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After lunch, I got myself a Spain SIM card at Vodafone and we made our way through the Ciutat Vella neighborhood to La Boqueria. La Boqueria turned out to be even more impressive than I remembered from my last visit to Barcelona fifteen years earlier. Apparently it was renovated just a few years ago, and every stall seemed to have only the freshest and highest quality foods. The colors and smells were overwhelming even before sampling the wares. The first photo shows giant slabs of sepia steaming on the grill, one of our favorites.
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We didn't have much appetite after our big meal at the last market, so we bought enough food to have a self-catered meal and walked back to the apartment. We unpacked and let the kids play around a little, then ate our monkfish, grilled mushrooms, and sea snails before collapsing into bed.

Our determination to remain active throughout the first day was rewarded when we awoke early Saturday morning, well-rested and ready to begin our exploration of Barcelona. I purchased advance tickets for La Sagrada Familia online, and then we headed straight to La Boqueria for breakfast. After scrutinizing every restaurant inside the market, we settled on Ramblero which proved to be a wise choice. We had an enormous brunch of which the highlight was a mixed fish grill.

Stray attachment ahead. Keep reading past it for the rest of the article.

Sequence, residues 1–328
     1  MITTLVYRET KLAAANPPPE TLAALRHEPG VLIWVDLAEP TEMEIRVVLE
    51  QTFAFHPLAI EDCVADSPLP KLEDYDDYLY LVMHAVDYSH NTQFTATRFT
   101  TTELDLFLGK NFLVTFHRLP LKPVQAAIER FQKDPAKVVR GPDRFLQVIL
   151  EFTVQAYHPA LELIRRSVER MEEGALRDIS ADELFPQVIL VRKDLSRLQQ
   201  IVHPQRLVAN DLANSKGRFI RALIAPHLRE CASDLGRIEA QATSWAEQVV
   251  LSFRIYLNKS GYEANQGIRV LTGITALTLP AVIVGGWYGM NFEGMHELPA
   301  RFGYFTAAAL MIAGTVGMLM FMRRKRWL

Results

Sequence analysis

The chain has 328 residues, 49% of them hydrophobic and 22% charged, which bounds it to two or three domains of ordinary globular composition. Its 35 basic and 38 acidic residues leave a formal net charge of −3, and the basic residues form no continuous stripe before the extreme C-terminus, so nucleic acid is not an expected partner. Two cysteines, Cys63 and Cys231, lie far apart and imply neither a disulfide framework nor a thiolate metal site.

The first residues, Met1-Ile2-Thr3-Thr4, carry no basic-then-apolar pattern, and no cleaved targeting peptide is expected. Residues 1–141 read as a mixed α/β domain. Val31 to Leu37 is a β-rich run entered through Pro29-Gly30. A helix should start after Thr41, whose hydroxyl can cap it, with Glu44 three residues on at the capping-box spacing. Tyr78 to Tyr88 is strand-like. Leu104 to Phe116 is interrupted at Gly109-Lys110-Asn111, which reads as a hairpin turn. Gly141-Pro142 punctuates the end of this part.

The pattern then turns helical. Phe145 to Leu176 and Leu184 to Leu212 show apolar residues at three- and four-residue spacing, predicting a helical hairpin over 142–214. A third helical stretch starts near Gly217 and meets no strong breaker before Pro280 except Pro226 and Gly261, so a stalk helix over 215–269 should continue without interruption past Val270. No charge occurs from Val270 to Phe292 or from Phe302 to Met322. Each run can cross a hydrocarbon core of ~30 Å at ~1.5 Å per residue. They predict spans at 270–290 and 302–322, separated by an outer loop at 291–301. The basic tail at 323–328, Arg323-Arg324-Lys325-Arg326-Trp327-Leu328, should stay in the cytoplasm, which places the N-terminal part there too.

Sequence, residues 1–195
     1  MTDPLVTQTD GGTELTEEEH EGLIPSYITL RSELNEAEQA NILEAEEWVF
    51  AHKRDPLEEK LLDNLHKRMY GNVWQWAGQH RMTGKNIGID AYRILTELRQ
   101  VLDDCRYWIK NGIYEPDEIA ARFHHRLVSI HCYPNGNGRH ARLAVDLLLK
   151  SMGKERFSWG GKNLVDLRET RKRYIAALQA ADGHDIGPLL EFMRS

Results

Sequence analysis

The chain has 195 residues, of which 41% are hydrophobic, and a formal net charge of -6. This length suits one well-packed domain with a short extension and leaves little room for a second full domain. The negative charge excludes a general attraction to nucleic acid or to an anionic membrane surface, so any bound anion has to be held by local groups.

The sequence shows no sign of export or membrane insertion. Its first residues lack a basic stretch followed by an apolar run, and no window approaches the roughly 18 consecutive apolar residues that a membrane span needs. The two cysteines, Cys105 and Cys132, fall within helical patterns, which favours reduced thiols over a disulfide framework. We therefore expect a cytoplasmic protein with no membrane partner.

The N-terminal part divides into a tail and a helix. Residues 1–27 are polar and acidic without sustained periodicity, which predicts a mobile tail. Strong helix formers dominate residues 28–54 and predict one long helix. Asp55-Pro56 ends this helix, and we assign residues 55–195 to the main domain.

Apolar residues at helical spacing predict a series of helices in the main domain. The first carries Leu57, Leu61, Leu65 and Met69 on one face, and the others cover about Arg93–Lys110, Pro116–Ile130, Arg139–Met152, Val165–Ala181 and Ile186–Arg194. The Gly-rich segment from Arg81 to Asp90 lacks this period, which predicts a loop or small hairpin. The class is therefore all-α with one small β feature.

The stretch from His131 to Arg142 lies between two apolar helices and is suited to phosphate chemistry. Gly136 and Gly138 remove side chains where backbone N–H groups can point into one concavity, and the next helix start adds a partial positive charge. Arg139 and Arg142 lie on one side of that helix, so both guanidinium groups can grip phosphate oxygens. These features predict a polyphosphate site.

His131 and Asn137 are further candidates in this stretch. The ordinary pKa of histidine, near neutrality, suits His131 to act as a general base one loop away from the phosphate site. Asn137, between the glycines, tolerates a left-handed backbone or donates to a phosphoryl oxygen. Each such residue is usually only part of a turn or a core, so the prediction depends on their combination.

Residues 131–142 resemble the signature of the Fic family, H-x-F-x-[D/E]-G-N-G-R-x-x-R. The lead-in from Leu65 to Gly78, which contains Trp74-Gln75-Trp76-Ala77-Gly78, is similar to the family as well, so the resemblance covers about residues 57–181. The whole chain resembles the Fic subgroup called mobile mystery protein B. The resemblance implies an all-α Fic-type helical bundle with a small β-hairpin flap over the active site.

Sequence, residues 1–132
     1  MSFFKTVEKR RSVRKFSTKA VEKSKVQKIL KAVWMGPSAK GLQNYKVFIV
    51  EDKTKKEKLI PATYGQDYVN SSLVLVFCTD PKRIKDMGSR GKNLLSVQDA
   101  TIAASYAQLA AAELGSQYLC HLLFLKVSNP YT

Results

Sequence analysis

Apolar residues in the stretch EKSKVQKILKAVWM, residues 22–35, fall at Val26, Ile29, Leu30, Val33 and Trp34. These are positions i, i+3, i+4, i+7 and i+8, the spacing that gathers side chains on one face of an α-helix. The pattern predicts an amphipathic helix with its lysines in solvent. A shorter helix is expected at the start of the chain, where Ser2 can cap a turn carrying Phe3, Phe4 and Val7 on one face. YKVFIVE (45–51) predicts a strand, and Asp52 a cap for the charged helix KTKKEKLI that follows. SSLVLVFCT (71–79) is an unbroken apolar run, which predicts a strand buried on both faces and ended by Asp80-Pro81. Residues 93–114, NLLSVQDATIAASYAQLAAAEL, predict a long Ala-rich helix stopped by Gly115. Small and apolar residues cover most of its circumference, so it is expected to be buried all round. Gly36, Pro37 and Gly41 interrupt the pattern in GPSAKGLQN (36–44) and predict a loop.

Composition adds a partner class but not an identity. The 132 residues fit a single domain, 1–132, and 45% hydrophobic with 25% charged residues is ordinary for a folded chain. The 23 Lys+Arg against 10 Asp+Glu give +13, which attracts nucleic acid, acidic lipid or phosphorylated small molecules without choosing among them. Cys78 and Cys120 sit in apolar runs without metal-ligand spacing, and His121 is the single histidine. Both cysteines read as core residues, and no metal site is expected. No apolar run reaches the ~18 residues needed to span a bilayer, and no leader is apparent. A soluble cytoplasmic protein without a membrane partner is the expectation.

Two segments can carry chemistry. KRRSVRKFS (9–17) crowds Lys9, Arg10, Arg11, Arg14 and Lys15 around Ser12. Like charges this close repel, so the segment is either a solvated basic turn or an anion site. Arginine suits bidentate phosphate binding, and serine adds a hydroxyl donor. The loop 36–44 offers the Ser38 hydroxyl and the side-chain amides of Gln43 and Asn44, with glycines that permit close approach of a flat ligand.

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After lunch we explored the market again, especially the seafood section which had been very subdued the previous afternoon. At 10:30 AM on a Saturday however, it was crowded and bustling.

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We exited La Boqueria onto La Rambla and rambled northward through the oncoming crowds, eventually reaching Plaça de Catalunya, one of the nerve centers of Barcelona. The square was full of activity, along with plenty of pigeons for Cleo and Ian to chase.
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We pried the kids away from the pigeons and proceeded up Passeig de Gràcia to La Mansana de la Discòrdia, a single block famous for four large buildings constructed in four very different styles by four of Barcelona's most famous architects. The highlight is Antoni Gaudi's surreal Casa Batlló.
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Casa Lleó-Morera